“One of the things that is interesting is the degree to which people abandoned Russian and Soviet culture after independence,” said Clement.

Clement will be returning to Turkmenistan in the spring to attend a scholars’ conference. Her findings are set to be the subject of an upcoming book titled, ‘“Learning to Be Turkmen’ Literacy, Learning and Power, 1904-2006.”

U.S. Navy photo by MC1 Grant P. Ammon 

Interim President Tighe Talks Leadership, Expectations with Enlisted Staff
MC1 Grant P. Ammon

NPS Interim President Rear Adm. Jan Tighe delivers remarks to members of the NPS enlisted staff during an admiral's call held on the university campus, Jan. 22. Tighe, a master and doctoral graduate of NPS, began the meeting with a bit of humor. “This is the same room in which I took my refresher calculus class way back in 1996 … Who here wants to talk about calculus today?” she asked to laughs from the intimate group.

This was Tighe’s first formal address to the NPS enlisted community since taking over as interim president. She spent most of her time answering questions from the assembled staff, while she also thanked the enlisted service members for their service, and solicited recommendations for improvement.

“We’re proud of what you do here, and thank you for being thoughtful and wanting to keep growing through both education and the pursuit of your warfare qualifications while here at NPS,” said Tighe. “You are a small group, which is unusual for the enlisted force at a command.  If we’re not doing right by you with respect to your development, please let us know how we can do it better.”

U.S. Navy photo by MC1 Rob Rubio 

Guest Lecture Explores Kinetic Wave Models
Amanda D. Stein

The Naval Postgraduate School’s Center for Decision, Risk, Control and Signals Intelligence (DRCSI) welcomed Columbia University Applied Mathematics Professor Guillaume Bal for a lecture, titled “Kinetic Models for Waves in Random Media and Related Inverse Problems,” Jan. 23. The presentation was part of the DRCSI Distinguished Seminar Series on Directed Energy Weapons Systems and Counter Measures.

“The topic of my presentation is imaging in hydrogenous media where we cannot reconstruct all of the hydrogenous structure, and we would still like to be able to do imaging,” said Bal. “So the question is whether there are some observables in your detectors that are stable with respect to what you don’t know … so are as independent as possible of what it is you won’t be able to reconstruct. And still give you some information about something you would like to reconstruct.”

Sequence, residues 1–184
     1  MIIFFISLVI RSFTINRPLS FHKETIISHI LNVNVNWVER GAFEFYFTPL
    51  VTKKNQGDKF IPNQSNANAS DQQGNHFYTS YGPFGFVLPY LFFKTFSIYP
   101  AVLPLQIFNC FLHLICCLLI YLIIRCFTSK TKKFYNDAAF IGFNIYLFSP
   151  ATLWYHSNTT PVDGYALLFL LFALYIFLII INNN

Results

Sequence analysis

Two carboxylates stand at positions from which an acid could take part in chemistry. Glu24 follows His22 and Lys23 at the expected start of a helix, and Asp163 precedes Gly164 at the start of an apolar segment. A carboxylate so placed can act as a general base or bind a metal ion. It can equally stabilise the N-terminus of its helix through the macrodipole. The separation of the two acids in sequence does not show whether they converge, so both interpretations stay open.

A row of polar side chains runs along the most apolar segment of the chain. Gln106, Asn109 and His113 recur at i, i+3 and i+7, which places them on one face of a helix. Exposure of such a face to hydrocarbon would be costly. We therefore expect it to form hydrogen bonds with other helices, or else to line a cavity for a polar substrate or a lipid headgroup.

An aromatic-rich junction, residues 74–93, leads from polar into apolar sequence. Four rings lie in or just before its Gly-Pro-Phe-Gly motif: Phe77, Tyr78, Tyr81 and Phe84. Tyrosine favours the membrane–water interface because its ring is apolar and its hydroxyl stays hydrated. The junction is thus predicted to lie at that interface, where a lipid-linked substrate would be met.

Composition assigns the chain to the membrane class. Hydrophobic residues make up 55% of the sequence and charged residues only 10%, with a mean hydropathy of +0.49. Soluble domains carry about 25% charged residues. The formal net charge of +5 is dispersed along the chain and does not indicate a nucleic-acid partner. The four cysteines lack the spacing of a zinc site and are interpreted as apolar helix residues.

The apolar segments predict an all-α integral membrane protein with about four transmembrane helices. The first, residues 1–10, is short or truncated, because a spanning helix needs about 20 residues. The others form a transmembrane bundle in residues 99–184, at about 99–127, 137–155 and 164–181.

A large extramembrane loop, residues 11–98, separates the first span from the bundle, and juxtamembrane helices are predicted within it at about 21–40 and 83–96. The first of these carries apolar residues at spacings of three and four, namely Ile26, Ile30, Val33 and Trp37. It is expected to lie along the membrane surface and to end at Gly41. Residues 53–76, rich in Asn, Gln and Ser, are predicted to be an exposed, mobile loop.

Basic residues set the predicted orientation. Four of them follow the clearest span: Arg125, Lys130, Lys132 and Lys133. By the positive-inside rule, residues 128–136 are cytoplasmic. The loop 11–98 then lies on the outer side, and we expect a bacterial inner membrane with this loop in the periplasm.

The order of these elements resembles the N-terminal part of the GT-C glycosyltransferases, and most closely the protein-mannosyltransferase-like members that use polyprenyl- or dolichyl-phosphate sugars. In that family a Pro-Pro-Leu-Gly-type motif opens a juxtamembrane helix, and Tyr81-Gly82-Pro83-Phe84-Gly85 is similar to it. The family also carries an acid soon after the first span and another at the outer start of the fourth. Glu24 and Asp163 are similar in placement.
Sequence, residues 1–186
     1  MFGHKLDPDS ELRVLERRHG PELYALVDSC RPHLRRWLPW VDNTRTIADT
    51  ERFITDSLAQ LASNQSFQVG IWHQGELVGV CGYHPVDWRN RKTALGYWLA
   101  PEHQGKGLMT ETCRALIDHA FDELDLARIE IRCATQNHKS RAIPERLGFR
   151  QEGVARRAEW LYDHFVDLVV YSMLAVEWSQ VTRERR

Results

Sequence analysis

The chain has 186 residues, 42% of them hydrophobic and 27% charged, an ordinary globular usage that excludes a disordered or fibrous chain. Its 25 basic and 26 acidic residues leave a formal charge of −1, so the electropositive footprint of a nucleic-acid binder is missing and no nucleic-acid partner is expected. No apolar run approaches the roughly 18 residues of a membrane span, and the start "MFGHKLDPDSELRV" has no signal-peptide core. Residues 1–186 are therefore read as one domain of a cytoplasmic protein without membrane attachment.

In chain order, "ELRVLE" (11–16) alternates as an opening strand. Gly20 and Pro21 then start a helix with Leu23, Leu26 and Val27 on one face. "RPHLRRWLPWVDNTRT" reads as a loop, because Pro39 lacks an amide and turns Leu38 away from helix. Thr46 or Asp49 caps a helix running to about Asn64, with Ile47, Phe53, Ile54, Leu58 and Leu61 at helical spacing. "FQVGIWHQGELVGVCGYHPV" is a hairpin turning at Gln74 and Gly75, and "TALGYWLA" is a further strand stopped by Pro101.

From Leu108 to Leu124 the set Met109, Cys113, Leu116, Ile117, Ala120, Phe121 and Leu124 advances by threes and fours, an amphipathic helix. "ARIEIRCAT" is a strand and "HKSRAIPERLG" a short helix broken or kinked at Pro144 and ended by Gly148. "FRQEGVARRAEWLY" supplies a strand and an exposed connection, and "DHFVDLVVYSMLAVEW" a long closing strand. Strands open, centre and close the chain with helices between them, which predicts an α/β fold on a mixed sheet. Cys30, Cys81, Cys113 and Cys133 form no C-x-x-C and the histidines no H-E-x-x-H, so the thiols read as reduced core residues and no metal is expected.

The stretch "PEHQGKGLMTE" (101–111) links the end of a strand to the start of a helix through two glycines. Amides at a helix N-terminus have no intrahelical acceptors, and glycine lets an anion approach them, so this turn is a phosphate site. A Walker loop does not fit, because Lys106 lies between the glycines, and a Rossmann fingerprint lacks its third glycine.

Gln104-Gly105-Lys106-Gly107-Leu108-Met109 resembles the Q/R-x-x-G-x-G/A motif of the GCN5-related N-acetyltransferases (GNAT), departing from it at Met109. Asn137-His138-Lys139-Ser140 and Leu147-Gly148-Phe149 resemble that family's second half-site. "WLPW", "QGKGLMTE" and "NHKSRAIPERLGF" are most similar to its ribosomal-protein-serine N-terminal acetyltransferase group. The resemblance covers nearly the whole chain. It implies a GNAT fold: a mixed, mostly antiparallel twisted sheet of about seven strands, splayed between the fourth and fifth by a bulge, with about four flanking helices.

“We invited Professor Bal because he is a prominent person in this subject,” said DRCSI Director, Professor S. S. Sritharan. “We like to bring the best experts in the U.S. to NPS for these types of lectures so that we can be informed about the work being done in fields like this.”

U.S. Navy photo by MC1 Leonardo Carrillo 

NNOA, NPS Host Martin Luther King Jr. Commemoration
MC1 Leonardo Carrillo

Retired U.S. Marine Corps Maj. Gen. Anthony L. Jackson speaks to attendees at the Martin Luther King Jr. Birthday Breakfast, hosted by the Monterey Chapter of the National Naval Officers Association and the Naval Postgraduate School, Jan. 19. 

The event brought together members of the NPS community to commemorate the life and legacy of the important civil rights leader.

“There are very few people that have had such an impact on my life,” said guest speaker, retired U.S. Marine Corps Maj. Gen. Anthony L. Jackson. “Dr. King was a true life hero.”

Jackson spoke about King’s legacy and the importance of keeping his memory alive for the well being of future generations. He described King’s policy of non-violent protest as an “invaluable testament to human courage that offered hope to people, not just in America but around the world.”

The National Naval Officers Association actively supports the Sea Services in the development of a diverse officer corps through recruitment, retention and career development. The NNOA also provides professional development, mentoring and support of cultural awareness.

U.S. Navy photo by MC1 Grant P. Ammon 

Senior Department of Defense FAO Visits NPS Campus
MC1 Grant P. Ammon

U.S. Africa Command (AFRICOM) Director of Strategic Planning U.S. Army Maj. Gen. Charles Hooper discusses policy with Naval Postgraduate School (NPS) students from countries within the AFRICOM area of responsibility during a visit to NPS, Jan. 15.